I’m returning to Vietnam next month, and that got me thinking about the many hours I’ve spent in coffee shops in Hanoi, especially one on Ngu Xa in Truc Bach…
By Alison Bate
The cafe owner smiles the smile of many mornings as she brings over my iced coffee and green tea chaser. I lean forward in my bamboo chair to stir the two-tone Nau Da, digging down with the long-handled spoon to mix in the condensed milk, navigating around the lumps of ice. The mixture curdles and looks like a work of art sometimes and other times, a sludgy mess.
I take a sip of Nau Da and the chocolatey taste spreads inside my mouth, and an involuntary smile outside. A sip of the green Tra Da clears my palette and my mind.
At the back of the Cafe Pho, the family shrine is graced with orange gladioli, three cans of Sprite, a blue tin of cookies, sticks of burned incense and other offerings. In another corner, a Ho Phap guardian casts a benign eye over the customers. The cat is not around today.
It’s 9 a.m, and the Cafe Pho on Ngu Xa is filling up. Two young guys read Bong Da sports newspaper and, less predictably, Phu Nu women’s newspaper. Others watch soccer on VTV3.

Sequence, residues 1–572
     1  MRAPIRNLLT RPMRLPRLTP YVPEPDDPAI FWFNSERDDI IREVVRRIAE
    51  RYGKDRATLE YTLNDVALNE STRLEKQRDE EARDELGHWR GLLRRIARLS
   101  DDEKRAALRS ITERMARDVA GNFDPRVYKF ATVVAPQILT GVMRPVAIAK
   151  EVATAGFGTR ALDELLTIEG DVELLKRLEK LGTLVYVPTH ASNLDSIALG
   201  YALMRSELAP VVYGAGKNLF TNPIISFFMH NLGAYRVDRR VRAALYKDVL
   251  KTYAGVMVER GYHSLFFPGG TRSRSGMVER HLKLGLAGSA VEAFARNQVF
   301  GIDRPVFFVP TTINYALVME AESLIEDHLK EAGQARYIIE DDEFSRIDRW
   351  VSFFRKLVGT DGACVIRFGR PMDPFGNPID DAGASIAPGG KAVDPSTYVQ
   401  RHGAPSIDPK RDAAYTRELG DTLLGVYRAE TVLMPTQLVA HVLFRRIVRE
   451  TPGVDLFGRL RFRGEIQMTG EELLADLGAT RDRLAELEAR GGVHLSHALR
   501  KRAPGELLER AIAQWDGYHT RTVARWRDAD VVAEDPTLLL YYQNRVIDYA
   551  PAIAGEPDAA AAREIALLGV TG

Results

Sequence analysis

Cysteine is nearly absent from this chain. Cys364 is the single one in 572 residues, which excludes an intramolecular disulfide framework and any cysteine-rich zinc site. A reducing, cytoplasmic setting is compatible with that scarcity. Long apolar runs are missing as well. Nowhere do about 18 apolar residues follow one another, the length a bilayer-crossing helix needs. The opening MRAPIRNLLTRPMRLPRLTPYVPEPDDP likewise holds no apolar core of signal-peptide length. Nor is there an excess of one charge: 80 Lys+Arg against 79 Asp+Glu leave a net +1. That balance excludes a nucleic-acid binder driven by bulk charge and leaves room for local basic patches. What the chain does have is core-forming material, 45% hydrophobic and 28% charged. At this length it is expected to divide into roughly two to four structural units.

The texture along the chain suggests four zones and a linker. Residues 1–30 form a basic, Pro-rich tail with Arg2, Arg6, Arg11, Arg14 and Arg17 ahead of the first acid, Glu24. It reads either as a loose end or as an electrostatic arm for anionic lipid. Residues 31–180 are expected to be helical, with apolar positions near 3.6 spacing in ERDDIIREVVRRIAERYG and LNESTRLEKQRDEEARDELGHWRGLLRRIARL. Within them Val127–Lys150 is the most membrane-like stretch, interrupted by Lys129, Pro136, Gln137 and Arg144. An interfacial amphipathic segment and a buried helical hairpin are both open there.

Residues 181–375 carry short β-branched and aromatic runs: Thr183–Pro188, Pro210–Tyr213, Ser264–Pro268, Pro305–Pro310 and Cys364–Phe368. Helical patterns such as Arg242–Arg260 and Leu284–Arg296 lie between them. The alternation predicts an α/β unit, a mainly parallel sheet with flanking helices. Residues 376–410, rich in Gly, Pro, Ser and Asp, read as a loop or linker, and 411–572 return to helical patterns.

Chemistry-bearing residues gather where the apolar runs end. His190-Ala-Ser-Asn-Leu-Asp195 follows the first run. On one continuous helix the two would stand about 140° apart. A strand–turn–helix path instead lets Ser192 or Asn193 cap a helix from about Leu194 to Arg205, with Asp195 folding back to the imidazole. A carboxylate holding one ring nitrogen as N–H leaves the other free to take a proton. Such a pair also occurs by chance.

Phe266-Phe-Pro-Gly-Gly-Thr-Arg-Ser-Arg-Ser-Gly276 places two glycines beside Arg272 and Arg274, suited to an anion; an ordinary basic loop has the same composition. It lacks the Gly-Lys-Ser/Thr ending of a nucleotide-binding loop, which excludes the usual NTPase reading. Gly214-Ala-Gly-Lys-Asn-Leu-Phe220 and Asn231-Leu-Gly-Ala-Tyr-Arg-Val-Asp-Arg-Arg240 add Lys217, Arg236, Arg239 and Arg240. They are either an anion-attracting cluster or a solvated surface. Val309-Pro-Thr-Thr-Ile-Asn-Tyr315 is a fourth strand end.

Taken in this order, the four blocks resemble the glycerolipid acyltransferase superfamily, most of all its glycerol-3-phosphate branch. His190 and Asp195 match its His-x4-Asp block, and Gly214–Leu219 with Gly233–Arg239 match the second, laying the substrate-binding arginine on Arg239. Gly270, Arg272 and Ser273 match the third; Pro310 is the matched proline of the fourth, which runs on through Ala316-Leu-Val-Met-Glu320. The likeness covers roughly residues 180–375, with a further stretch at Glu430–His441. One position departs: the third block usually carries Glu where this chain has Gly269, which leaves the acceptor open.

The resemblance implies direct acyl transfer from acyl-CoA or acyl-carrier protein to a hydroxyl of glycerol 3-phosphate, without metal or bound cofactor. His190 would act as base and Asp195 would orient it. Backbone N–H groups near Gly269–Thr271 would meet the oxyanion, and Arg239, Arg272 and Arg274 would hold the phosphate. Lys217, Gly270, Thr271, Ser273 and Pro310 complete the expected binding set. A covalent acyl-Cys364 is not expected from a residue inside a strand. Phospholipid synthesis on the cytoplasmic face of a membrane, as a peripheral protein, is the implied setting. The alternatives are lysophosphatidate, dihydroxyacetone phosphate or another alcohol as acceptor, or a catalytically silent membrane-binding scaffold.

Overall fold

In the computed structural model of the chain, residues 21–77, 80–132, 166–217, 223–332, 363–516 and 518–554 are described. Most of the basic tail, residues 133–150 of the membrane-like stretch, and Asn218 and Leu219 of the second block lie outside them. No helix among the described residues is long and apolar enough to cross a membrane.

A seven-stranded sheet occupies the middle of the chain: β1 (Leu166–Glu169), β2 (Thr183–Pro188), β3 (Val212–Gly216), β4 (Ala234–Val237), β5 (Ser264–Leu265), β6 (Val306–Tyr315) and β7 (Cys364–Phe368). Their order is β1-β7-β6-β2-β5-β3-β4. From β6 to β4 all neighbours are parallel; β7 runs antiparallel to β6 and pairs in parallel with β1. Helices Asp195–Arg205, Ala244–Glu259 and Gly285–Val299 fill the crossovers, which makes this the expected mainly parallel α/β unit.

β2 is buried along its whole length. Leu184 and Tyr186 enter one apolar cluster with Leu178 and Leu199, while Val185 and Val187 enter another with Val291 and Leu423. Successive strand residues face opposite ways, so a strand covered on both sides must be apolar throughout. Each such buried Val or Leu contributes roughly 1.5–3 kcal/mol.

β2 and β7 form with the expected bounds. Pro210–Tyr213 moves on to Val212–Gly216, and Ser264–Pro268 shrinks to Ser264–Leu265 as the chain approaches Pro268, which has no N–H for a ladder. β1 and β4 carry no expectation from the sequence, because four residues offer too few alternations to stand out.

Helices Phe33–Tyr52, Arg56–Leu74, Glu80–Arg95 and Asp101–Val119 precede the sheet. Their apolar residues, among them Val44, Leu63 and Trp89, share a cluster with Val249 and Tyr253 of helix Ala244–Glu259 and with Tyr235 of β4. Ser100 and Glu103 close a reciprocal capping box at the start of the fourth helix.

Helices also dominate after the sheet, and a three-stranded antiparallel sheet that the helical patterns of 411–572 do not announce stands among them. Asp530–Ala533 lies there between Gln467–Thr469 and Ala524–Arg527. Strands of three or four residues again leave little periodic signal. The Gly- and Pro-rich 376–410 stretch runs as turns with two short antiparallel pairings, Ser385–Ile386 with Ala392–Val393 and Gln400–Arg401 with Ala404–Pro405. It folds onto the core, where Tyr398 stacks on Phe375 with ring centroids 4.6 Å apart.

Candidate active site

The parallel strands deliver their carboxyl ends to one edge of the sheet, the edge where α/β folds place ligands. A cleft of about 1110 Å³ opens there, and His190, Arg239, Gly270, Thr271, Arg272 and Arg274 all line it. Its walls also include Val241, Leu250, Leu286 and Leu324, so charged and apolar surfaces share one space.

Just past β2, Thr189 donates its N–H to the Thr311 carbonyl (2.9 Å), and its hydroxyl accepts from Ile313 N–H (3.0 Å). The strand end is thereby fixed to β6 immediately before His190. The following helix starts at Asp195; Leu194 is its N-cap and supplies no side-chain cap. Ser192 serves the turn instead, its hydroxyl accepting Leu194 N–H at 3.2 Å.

I watch as a triangular pattern continues all morning, with three businesses working in unison. A thirty-something couple and their two young boys have ordered Pho Ga and the owner yells their order up the street. The family could sit on small plastic stools at the chicken noodle stall a few doors away but choose to relax here in comfortable chairs. We watch as steaming bowls of the broth are brought down the street. The parents squeeze on fresh lime and add dipping and chilli sauce onto the noodles. Everyone tucks in.
Afterward, a woman in navy-and-white striped shirt comes over from across the street and rounds up empty noodle bowls. Back in front of her open room, she sends the white bowls along a bucket assembly line. Slops into dark blue container, pre-wash in white bucket, soapy wash in silver galvanized bowl, and rinse in sky-blue bowl. Finally, the clean bowls are stacked to dry in a pink meshed basket. Half-hidden behind her, two men sort herbs and bits of meat.
Now the woman in the striped shirt and her colleague are carrying the clean bowls in a pink basket to the Pho Ga stall at the top of Ngu Xa and return with the empty basket.
Above the little stores, songbirds chirp away in their pretty prisons, trapped in cages hung from precarious phone cables. Their tweets a pleasant backdrop to the revving of motorbikes, the clang of cutlery and the smell of wet noodles.
This evening, I’ll be teaching, but the morning is mine, all mine. I pull out Chapter 12 of my novel and begin writing.
Note: An earlier version appeared in Word Vietnam magazine in November 2014